The homeless problem on the 205

Trash and tents scattered across the 205 bike path. Photo by Micky Marchello.

( Trash and tents scattered across the 205 bike path)

(A single homeless person in bum alley)(Interview with a homeless man on the conditions of the shelters)

The clouds were gray overhead in the mid morning the day after a slight shower. My father and I biked our way to the 205 bike path from Lents and began to head north with the roar of traffic by our side. The 205 path is normally littered with tents, man made shelters and people residing in the tall bushy areas and under bridges. When passing by a tent or recently littered area, the smell is hard to bear and makes your eyes water. It’s no secret that Portland has a homelessness problem, but many people struggle to understand the problems of homelessness and why shelters are not a perfect solution.

After about 3 miles, we finally saw the scratched scribbling that read “Bum Alley.” I couldn’t tell if it was the start or end, but it certainly was a sight to behold. When we first entered the alley, we could clearly see a  man flicking and shaking his hand at the air. From a distance we had no idea what he was doing. We passed by quickly and I thought maybe he was fidgeting with a pen of some sorts. We continued along the path with the scent of urine, cigarettes, and rotting food filling our nostrils. The path was filled with broken glass, and other debris commonly found after homeless people have passed through. It filled me with despair and a sense of hopelessness when I saw people living in this condition. When we reached the end, we continued across the street and along the 205 to the other part of “Bum Alley.” It was in the same condition as the alley opposite of it. This one, however, had more tents and tarps set up as makeshift homes. Most of the people that I saw were huddled in their tents seeking shelter from the outside elements. Clothes and trash littered the sides of the tents along with dark stains on the concrete path. After passing through, we reached the end of our journey and turned back into “Bum Alley.” We passed by the man who was sitting alone more slowly this time and we could clearly see he was getting ready to do heroin shaking the dark brown liquid to the bottom of the syringe. The trip back to my house felt long as I was thinking about what I just saw. The condition of “Bum Alley” is dreadful and no human should have to endure what these people go through

According to Pdxmonthly.com, Oregon ranks number two in a national ranking for percentage of homeless people who are unsheltered.14,476 is the estimated amount of homeless in Portland. A good number of these people live in the streets or in camps like the 205 bike path. After seeing “Bum Alley,” these statistics don’t surprise me. I decided that I would take a second trip a couple days later to interview a homeless person and see if the environment would change, or if the same people would stay there.

Just before the entrance of “Bum Alley” there  is a camp of homeless citizens outside. One of them was eating and another had a cart filled with clothes, food, and whiskey. The man with the cart had stringy, wispy white hair, and his yellow tainted beard stretched to the beginning of his tattered shirt. He was standing on the sidewalk corner waving to cars passing by. I crossed the street and talked to him with my dad tagging along.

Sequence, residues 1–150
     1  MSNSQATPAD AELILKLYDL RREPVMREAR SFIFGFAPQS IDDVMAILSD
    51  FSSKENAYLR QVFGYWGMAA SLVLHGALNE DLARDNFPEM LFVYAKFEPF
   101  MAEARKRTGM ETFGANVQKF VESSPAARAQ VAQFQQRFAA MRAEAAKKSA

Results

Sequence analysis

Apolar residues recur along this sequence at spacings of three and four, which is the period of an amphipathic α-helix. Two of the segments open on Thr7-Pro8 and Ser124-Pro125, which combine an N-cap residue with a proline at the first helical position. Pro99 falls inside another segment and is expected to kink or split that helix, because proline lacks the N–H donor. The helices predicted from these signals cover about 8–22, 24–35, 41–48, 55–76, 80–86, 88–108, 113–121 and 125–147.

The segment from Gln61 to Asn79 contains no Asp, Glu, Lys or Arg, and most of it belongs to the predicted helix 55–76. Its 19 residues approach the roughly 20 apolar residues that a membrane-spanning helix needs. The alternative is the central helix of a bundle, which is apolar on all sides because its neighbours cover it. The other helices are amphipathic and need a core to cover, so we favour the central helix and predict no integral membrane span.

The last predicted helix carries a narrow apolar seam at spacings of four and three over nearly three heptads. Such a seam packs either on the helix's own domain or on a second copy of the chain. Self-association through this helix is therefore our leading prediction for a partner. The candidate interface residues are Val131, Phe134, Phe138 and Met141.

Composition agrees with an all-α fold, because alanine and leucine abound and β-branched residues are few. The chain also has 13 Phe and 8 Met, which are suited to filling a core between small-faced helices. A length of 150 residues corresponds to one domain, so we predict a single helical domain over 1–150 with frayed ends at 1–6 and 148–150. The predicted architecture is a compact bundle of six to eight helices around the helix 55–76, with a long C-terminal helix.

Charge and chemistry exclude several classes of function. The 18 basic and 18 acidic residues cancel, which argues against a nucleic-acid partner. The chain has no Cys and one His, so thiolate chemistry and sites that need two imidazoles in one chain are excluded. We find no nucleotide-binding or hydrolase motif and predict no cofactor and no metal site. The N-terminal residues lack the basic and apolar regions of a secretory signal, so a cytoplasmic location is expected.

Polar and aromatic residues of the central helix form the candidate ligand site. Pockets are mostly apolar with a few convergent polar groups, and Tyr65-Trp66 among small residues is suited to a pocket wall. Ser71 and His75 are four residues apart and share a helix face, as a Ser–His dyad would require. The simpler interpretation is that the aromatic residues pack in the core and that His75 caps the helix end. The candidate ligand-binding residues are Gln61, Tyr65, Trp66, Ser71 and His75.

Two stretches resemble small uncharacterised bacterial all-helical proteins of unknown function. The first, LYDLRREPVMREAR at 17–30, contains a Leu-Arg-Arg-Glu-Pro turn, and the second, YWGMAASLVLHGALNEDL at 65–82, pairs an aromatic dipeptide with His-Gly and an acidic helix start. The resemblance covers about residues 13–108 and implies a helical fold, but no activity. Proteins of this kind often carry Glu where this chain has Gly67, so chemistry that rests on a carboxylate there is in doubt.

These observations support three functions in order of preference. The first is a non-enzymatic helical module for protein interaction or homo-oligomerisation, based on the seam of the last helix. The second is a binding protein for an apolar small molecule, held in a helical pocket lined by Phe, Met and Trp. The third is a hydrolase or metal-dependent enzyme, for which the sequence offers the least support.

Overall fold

I wanted to know if the conditions on the 205 were better than going to a typical shelter downtown. He replied, “Living in a shelter you gotta checkIt’s gonna be really strict with lots of rules.There’s a lot of heroin, lot of crystal meth, and a lot of violence. When I go to the shelter sometimes I get bed bugs on the mattress…” 

According to an article written by Anna Griffin published on Oregonlive.com, “Most shelters are single gender, meaning couples must split up. Few allow dogs or other pets. Guests usually can’t carry more than a backpack inside, and they certainly can’t drink alcohol or use drugs. Anyone who has a problem with authority, crowds or noise will be uncomfortable.” Although some  prefer to stay on the 205 path despite the bad conditions like the man I interviewed, it seems that no matter where these homeless people go they don’t have many good or reliable options to help them out of their terrible situation.

What people in Portland are looking for is a long term solution. Take for example Rhode Island they are implementing a smart long term solution to homelessness. According to an article written by Madeline List published on Providencejournal.com, “The solution, according to a Providence College researcher, is to invest less in shelters like Cranston’s Harrington Hall and more in programs that house people quickly; supportive housing that includes access to services; and housing that is affordable for people with incomes below the federal poverty level.”  Some Oregon politicians like House Speaker Tina Kotek, are also drafting a legislative proposal to change single-family zoning in smaller cities and towns to make space for more affordable housing, according to an article written by Wriik Maui published on Pdxmonhly.com. With legislation like what Kotek is proposing with increased public housing that is affordable it can help decrease the population of people on the street and on the 205 bike path.

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